Mike Dunleavy may no longer hold coaching duties for the L.A. Clippers after stepping down last Thursday in a decision the Clippers said was "reached mutually," but Dunleavy's task remains the same as general manager--getting L.A. back to the playoffs for the second time since 1997 and ultimately beyond.
Dunleavy the general manager certainly did a better job of setting up Dunleavy the coach this year than in 2008-09, when a dysfunctional Clippers squad limped to a 19-63 finish. This year's team has already surpassed that win total and might still harbor outside postseason aspirations in the Eastern Conference. (In the loaded West, no way.) Still, there are glaring weaknesses that must be addressed for the Clippers to truly contend.
The first big decision Dunleavy faces is the future of Marcus Camby, whose contract expires at season's end. Camby could help a lot of contenders between now and then, and with the Clippers 7.5 games out of a playoff spot, there's no compelling reason to hold on to him. The trick will be finding the right fit, since the Clippers won't want to compromise their coming cap space by taking on contracts that extend beyond this season unless it's to acquire promising young talent.
Cleveland, which could offer Zydrunas Ilgauskas, is the most obvious potential destination. However, the Cavaliers will probably have their pick of several players, and Camby's short-term deal isn't a huge draw for them. Portland, which could certainly use short-term help in the middle, would be able to find enough money only by packaging Steve Blake, Travis Outlaw and another player, a lot to give up even before considering what the Clippers would ask from the deal (a first-round pick or a young player).
One interesting wild card? Oklahoma City, should the Thunder want to speed up its timeline a bit. Camby would improve Oklahoma City's rebounding and interior defense, and the Thunder has several picks to offer in addition to the ability to save the Clippers some money by sending back Etan Thomas and using cap space to swallow the difference in their contracts (about $500,000 over the rest of the season).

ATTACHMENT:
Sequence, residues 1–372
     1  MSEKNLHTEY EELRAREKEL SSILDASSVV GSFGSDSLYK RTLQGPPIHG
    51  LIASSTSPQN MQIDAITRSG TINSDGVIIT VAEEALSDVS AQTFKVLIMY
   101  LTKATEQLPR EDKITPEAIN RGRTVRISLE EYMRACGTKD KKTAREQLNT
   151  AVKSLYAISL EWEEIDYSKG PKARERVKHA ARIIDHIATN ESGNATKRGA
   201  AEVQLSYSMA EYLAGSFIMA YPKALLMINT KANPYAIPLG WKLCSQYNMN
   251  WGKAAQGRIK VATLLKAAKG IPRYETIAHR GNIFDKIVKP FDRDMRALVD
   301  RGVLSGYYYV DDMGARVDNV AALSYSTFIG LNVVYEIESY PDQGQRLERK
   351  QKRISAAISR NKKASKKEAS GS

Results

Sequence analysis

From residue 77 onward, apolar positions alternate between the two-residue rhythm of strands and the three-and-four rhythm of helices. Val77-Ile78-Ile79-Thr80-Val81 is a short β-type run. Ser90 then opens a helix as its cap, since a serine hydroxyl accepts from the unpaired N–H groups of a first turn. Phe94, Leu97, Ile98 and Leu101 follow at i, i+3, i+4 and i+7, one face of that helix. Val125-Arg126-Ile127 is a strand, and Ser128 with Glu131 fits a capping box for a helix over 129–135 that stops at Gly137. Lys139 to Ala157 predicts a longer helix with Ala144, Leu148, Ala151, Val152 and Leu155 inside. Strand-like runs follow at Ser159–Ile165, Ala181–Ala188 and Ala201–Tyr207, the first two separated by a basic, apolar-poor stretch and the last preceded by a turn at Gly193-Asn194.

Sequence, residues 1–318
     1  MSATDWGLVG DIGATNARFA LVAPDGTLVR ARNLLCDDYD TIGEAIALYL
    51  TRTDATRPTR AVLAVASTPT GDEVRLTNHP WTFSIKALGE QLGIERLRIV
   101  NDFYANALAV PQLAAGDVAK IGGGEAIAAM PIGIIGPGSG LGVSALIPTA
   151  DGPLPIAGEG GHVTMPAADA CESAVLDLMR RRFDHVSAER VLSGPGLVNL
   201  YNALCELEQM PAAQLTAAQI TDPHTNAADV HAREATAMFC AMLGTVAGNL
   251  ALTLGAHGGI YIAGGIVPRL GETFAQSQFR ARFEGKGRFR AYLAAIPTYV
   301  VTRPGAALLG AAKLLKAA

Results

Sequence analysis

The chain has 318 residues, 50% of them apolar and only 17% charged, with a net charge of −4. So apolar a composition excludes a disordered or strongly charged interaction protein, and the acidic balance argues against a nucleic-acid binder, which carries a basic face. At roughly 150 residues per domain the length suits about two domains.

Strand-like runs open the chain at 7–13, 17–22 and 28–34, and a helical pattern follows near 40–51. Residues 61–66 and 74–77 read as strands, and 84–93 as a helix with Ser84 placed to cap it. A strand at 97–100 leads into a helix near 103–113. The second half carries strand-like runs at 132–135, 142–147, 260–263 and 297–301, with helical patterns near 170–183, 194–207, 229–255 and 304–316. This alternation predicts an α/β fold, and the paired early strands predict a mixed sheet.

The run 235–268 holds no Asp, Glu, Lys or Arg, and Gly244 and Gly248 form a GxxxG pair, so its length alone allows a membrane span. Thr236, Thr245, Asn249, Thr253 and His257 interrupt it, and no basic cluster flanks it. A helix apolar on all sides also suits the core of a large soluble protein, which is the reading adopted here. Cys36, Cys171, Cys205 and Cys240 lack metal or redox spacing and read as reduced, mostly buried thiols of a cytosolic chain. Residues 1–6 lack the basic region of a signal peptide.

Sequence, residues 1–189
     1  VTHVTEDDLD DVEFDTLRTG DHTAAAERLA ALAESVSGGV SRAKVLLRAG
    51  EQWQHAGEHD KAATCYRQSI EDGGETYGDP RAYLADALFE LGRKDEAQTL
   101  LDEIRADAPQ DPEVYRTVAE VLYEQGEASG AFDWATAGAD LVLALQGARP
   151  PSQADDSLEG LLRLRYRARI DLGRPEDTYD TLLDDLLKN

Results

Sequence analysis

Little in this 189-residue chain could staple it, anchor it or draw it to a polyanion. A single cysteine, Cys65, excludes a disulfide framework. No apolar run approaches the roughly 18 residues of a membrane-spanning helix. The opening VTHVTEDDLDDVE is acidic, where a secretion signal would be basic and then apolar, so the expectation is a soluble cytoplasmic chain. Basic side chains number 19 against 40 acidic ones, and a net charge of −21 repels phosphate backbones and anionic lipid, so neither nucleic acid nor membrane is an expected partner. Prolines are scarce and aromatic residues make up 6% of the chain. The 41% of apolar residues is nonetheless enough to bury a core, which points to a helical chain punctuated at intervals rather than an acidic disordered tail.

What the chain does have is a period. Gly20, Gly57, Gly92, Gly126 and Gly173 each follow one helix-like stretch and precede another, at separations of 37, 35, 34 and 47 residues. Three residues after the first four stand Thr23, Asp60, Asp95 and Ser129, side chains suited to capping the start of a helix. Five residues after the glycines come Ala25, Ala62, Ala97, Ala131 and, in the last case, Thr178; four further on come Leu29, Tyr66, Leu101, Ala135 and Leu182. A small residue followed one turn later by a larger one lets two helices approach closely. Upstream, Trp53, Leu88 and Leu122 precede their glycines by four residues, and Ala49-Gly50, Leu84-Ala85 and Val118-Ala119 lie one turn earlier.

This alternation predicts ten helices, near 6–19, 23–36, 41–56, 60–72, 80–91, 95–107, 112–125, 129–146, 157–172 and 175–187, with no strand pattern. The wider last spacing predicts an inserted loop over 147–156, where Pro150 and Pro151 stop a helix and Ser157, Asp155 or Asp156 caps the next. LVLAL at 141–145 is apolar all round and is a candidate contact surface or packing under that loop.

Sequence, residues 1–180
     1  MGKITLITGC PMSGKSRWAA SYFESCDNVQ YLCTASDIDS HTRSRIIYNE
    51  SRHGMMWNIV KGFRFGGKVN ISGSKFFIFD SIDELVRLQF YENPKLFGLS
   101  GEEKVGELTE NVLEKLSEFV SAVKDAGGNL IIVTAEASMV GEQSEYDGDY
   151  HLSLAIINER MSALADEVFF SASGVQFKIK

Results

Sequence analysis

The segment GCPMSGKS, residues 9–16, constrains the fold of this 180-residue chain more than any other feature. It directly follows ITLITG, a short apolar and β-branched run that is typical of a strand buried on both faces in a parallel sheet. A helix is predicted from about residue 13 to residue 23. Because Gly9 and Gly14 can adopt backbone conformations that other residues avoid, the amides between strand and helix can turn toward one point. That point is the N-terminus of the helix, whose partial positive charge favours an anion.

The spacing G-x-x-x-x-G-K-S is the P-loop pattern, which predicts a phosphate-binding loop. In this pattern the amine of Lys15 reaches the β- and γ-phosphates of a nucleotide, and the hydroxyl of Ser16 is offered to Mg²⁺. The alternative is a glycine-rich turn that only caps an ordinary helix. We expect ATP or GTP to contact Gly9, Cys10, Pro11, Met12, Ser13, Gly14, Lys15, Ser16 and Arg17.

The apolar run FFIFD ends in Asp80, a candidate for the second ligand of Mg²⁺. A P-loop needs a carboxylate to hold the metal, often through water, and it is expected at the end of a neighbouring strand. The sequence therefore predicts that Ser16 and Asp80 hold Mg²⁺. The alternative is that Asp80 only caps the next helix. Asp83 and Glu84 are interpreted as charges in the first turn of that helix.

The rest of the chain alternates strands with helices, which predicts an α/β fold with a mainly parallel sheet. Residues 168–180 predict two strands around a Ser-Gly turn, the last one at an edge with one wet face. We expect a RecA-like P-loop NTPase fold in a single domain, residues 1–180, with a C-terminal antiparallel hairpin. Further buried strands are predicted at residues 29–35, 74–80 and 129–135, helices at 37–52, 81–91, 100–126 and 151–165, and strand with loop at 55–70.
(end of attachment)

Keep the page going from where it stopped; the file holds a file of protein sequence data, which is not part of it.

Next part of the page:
Whether he is dealt now or plays out his contract, Camby is unlikely to be back next season. That's OK, because his spot in the starting lineup will be ably filled by Blake Griffin when the No. 1 overall pick returns to action after surgery to repair his fractured left patella ended any hope of him playing during his first season in the NBA. The year off won't help Griffin, who will have to spend much of his summer rehabbing instead of working to improve his game, but the phenomenal statistics he posted in his two years at Oklahoma portend him being an instant contributor. Griffin was projected for 10.6 WARP this season before his injury.
The problem is that essentially swapping Camby for Griffin leaves the Clippers more or less where they are now, which is a couple of players short. Any way you slice it, L.A.'s starting five of Baron Davis, Eric Gordon, Rasual Butler, Camby and Chris Kaman has been very effective. The starters have outscored opponents by 13.8 points per 100 possessions while on the floor, per BasketballValue.com. Just two teams in the league (Boston and Dallas) have done better with their most used lineup. The Clippers are also 10-4 when they start those five players.
Unfortunately, that means when anyone else has started L.A. has gone 11-25. The Clippers have lost all six games they've played without Kaman and are 4-8 when Gordon has sat out. Simply, the team boasts only one effective reserve in backup power forward Craig Smith, so any other bench player getting extended playing time has been a major issue. DeAndre Jordan rates at replacement level over the course of the season; every other Clipper reserve rates below that mark.